At their core, sanctions are a way for countries to say, “We don’t like what you’re doing, and we’re going to make your life harder for it.” When they’re at their best, sanctions can isolate corrupt financiers, stigmatize human rights violators and even get entire countries to change their behavior.
But they don’t always work that way.
Economic sanctions are really hard to do right. They have to be precisely gamed out, or they can backfire in any number of ways. They’re often hard to get rid of. And, more often than not, they hurt real people.
But the US likes sanctions. Congress likes sanctions.
On this episode of Things That Go Boom, what does all of this mean for some of our oldest sanctions? And some of our newest?
Guests: Jason Bartlett, Center for a New American Security; Ricardo Herrero, Cuba Study Group; Maria Magdalena Campos-Pons, Artist and Cornelius Vanderbilt Endowed Chair of Fine Arts, Vanderbilt University; Inna Melnykovska, Central European University; Paul Carroll, Charity & Security Network; Konrad Körding, University of Pennsylvania; Elnaz Alikarami, McGill University; and Nosratullah Mohammadi, University of Geneva (formerly Zanjan, Iran)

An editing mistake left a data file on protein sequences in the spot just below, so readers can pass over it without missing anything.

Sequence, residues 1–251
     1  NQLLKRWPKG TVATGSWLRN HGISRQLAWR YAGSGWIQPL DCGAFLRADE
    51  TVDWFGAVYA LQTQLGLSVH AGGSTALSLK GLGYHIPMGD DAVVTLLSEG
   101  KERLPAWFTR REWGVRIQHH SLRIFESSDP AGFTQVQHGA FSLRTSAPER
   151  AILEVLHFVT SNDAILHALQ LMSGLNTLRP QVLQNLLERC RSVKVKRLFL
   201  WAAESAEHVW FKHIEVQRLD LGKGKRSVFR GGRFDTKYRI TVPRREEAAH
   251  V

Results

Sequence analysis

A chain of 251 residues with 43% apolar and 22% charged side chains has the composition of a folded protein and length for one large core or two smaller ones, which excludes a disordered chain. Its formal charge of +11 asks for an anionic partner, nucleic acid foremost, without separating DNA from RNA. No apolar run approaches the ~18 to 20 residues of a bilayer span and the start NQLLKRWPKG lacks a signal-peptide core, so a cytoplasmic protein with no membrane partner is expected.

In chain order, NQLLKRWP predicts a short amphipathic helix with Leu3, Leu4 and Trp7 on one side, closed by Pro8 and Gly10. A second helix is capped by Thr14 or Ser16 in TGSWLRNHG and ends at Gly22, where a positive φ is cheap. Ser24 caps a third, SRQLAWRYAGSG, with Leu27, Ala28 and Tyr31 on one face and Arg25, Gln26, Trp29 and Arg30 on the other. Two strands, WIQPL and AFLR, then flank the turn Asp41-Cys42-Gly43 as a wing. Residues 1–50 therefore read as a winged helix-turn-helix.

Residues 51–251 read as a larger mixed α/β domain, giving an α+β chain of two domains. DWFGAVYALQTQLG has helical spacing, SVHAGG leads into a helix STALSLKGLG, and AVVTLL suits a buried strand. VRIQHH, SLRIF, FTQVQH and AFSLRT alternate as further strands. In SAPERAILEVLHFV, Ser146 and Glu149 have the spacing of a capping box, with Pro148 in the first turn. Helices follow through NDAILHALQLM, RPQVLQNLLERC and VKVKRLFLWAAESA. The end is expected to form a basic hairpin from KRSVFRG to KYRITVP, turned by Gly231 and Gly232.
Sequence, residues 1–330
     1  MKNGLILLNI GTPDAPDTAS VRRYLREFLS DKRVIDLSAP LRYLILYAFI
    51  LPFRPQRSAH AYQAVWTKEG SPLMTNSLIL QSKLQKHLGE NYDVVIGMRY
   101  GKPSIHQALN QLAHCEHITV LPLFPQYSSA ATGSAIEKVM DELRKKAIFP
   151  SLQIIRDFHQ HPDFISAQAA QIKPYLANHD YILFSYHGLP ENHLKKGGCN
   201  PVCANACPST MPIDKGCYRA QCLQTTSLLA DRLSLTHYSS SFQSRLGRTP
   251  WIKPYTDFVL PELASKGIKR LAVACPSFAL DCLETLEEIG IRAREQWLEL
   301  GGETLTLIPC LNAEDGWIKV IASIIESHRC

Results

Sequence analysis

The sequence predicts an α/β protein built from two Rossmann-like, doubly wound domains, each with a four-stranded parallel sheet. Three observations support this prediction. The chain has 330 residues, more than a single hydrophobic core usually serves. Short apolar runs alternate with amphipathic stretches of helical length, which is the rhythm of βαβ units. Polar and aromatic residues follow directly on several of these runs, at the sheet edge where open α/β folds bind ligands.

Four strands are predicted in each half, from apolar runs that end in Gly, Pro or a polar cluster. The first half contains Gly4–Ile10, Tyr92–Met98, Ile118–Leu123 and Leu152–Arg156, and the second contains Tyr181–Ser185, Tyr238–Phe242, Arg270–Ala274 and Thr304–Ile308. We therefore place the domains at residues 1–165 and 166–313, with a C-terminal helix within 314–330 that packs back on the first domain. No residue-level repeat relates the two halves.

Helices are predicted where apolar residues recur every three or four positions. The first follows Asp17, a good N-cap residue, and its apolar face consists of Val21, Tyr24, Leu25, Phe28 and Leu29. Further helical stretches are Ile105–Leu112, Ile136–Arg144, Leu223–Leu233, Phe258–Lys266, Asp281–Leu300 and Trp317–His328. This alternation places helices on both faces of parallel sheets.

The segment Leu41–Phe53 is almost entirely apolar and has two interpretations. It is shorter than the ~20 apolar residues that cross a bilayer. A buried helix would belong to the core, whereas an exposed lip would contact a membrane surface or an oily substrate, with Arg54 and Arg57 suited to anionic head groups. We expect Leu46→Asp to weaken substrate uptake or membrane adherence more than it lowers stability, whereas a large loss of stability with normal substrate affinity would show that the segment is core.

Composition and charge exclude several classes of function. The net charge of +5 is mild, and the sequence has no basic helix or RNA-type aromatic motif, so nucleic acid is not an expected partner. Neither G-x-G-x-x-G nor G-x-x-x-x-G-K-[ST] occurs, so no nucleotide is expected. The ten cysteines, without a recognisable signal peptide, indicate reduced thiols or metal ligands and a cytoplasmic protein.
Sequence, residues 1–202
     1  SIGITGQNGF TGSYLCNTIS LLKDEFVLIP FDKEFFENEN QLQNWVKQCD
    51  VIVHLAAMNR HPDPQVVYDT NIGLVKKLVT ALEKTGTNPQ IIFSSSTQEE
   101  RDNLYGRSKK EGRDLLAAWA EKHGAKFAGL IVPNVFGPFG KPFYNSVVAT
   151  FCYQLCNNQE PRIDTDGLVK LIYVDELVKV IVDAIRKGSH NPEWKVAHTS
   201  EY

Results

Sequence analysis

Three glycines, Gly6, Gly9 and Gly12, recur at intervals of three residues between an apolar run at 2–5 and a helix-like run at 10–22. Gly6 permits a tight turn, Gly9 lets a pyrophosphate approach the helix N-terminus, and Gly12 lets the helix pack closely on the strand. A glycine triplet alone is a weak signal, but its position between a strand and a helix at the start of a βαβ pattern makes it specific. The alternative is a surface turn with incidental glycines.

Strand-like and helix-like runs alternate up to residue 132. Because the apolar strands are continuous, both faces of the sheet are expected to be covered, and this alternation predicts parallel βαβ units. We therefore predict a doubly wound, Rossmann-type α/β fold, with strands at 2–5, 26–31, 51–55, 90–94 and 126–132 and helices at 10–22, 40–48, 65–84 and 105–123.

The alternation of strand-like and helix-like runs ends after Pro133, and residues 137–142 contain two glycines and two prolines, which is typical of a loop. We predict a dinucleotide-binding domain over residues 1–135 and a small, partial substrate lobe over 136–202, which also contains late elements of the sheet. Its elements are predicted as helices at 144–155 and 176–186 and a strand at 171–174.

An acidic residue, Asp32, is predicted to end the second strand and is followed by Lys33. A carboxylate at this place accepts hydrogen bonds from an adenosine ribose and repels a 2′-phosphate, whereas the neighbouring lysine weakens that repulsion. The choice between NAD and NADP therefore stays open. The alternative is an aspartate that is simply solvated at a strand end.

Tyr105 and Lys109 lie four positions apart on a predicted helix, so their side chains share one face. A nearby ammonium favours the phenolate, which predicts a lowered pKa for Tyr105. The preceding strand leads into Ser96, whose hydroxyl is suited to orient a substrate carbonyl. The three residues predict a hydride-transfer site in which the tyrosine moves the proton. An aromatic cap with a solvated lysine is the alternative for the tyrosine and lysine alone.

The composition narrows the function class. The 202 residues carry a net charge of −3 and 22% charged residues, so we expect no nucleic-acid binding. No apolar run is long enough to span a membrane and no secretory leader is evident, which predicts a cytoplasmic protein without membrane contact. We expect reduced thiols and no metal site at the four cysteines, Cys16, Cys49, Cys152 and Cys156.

Can Sanctions Stop Russia?, Annie Lowrey, The Atlantic.
The Russian Sanctions Regime and the Risk of Catastrophic Success, Erik Sand and Suzanne Freeman, War on the Rocks.
The Impact of Western Sanctions on Russia and How They Can Be Made Even More Effective, Anders Åslund and Maria Snegovaya, Atlantic Council.
Boxing Cuba In Benefits No One, Christopher Sabatini and Lauren Cornwall, Foreign Policy.
Special thanks to Maria Snegovaya.